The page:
Chapter 15. Compositing and Editing

In This Chapter

  • Editing video and animations with Blender's Video Sequence Editor

  • Compositing images, video, and un-rendered scenes

In live-action film and video, the term post-production usually includes nearly anything associated with animation. Nearly every animator or effects specialist has groaned upon hearing a director or producer say the line, "We'll fix it in post." Fortunately, in animation, post-production is more specific, focusing on editing and compositing.

Editing is the process of taking rendered footage – animation, film, or video – and adjusting how various shots appear in sequence. This is typically done using a non-linear editor (NLE). An NLE, like Apple's Final Cut Pro or Adobe Premiere, differs from older linear tape-to-tape editing systems that required editors to work more sequentially. With an NLE, you can easily edit the beginning of a sequence without worrying too much about it messing up the timing at the end. Blender has very basic NLE functions built into its integrated Video Sequence Editor.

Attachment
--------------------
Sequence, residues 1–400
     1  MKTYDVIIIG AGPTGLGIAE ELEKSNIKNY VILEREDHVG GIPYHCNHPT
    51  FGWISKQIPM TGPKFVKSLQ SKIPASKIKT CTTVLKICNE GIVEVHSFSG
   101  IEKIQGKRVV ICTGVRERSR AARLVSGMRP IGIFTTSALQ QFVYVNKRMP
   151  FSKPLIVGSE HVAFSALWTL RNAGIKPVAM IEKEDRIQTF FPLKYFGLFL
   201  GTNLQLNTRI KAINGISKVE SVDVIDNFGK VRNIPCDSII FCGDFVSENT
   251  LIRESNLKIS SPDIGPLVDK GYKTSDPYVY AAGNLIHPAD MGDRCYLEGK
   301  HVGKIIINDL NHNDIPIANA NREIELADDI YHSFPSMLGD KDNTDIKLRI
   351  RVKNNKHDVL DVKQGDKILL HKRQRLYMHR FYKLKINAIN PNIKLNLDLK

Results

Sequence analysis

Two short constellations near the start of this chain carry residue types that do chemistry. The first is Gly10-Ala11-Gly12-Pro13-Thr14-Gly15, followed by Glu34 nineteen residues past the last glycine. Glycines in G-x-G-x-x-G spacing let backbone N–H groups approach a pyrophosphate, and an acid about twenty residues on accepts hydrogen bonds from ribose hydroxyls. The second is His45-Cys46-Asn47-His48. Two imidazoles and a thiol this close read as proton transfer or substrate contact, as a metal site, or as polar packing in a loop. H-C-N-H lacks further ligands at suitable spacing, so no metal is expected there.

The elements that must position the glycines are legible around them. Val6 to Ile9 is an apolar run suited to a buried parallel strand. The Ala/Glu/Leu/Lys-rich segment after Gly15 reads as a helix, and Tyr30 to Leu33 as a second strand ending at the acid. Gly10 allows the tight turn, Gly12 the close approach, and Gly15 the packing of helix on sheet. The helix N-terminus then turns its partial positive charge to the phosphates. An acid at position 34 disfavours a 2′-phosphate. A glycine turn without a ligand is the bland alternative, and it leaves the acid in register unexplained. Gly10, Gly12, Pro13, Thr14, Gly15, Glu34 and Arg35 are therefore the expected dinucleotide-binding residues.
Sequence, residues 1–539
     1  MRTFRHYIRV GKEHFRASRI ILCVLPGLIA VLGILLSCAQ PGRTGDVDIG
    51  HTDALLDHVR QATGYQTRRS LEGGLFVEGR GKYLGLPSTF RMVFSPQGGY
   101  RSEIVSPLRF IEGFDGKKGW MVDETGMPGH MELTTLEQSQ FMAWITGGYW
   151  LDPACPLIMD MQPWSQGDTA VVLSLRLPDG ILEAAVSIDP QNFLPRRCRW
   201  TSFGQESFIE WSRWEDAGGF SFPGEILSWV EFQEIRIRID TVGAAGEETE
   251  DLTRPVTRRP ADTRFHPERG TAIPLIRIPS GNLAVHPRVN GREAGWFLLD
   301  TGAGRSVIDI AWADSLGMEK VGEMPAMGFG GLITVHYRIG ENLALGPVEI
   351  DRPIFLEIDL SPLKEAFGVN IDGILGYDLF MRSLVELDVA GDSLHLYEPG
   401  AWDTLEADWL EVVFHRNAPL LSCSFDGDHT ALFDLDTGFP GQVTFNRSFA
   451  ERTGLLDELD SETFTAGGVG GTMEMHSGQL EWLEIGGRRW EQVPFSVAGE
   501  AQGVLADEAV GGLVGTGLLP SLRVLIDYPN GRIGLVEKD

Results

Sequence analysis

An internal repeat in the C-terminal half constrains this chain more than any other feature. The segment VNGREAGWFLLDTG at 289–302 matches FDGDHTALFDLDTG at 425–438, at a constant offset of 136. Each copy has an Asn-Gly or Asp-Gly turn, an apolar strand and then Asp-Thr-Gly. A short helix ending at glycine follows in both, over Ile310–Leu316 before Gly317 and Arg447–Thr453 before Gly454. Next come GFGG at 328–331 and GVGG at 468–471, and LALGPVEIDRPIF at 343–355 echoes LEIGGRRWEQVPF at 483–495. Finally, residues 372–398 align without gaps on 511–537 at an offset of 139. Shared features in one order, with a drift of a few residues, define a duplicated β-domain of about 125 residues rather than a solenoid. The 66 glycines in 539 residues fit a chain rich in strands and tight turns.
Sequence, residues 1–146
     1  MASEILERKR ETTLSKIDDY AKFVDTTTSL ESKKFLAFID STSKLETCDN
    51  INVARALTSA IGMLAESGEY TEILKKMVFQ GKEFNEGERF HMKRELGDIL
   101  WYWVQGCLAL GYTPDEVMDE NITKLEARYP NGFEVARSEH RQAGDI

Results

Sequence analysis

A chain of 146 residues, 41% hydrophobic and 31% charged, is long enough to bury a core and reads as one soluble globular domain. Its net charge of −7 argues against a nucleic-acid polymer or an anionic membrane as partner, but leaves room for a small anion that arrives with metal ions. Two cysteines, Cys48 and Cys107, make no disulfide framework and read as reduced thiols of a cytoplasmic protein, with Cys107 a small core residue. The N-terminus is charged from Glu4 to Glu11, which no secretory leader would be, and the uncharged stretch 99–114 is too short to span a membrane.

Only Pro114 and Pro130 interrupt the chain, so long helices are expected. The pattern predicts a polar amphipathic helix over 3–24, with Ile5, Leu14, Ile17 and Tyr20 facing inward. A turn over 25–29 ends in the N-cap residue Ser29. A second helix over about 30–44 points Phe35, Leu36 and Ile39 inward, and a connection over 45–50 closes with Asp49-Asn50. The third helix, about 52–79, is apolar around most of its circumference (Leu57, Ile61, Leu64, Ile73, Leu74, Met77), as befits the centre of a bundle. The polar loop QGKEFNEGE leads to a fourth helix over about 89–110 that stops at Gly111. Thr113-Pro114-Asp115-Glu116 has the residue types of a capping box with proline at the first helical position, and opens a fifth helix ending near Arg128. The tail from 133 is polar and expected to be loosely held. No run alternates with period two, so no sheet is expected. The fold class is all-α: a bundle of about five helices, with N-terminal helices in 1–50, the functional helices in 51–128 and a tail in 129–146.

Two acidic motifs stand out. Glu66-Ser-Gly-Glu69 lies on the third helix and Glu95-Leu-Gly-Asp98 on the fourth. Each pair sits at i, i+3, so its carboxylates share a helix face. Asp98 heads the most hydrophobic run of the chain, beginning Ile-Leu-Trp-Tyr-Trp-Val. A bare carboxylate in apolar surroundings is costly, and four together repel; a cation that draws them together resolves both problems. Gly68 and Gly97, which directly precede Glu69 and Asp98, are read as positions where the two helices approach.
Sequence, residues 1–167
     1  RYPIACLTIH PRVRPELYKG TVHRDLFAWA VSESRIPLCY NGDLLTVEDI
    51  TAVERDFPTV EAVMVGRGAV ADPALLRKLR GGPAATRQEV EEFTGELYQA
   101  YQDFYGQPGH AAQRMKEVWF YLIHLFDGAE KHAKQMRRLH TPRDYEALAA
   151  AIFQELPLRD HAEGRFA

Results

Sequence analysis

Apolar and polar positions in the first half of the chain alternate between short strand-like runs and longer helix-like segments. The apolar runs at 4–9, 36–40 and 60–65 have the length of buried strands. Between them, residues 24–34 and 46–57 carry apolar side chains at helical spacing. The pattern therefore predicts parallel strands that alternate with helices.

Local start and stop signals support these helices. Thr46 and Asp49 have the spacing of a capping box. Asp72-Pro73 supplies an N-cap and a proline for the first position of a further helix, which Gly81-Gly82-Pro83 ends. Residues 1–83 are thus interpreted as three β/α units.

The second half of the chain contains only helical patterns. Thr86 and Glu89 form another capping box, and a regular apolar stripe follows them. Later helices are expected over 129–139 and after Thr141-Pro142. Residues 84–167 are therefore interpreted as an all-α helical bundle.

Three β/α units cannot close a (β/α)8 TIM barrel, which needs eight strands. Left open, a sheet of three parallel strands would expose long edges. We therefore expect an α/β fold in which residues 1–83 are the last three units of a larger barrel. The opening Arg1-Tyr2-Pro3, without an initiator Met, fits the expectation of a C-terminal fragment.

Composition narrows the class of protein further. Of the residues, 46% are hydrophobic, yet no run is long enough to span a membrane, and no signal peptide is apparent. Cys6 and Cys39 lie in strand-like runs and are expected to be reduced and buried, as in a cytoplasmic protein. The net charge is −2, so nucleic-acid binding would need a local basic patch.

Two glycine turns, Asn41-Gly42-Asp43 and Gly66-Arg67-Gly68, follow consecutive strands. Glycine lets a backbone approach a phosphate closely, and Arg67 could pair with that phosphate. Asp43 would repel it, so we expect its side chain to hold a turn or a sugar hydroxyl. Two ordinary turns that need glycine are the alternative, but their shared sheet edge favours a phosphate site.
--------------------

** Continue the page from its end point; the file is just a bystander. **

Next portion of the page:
Compositing is the process of mixing animations, videos, and still images into a single image or video. It's the way that credits show up over footage at the beginning of a movie, or how an animated character is made to appear like she is interacting with a real world environment. Blender has an integrated compositor that can be used to do these sorts of effects, as well as simply enhance your scene with effects such as blur, glow, ...

Get Blender For Dummies® now with O’Reilly online learning.

O’Reilly members experience live online training, plus books, videos, and digital content from 200+ publishers.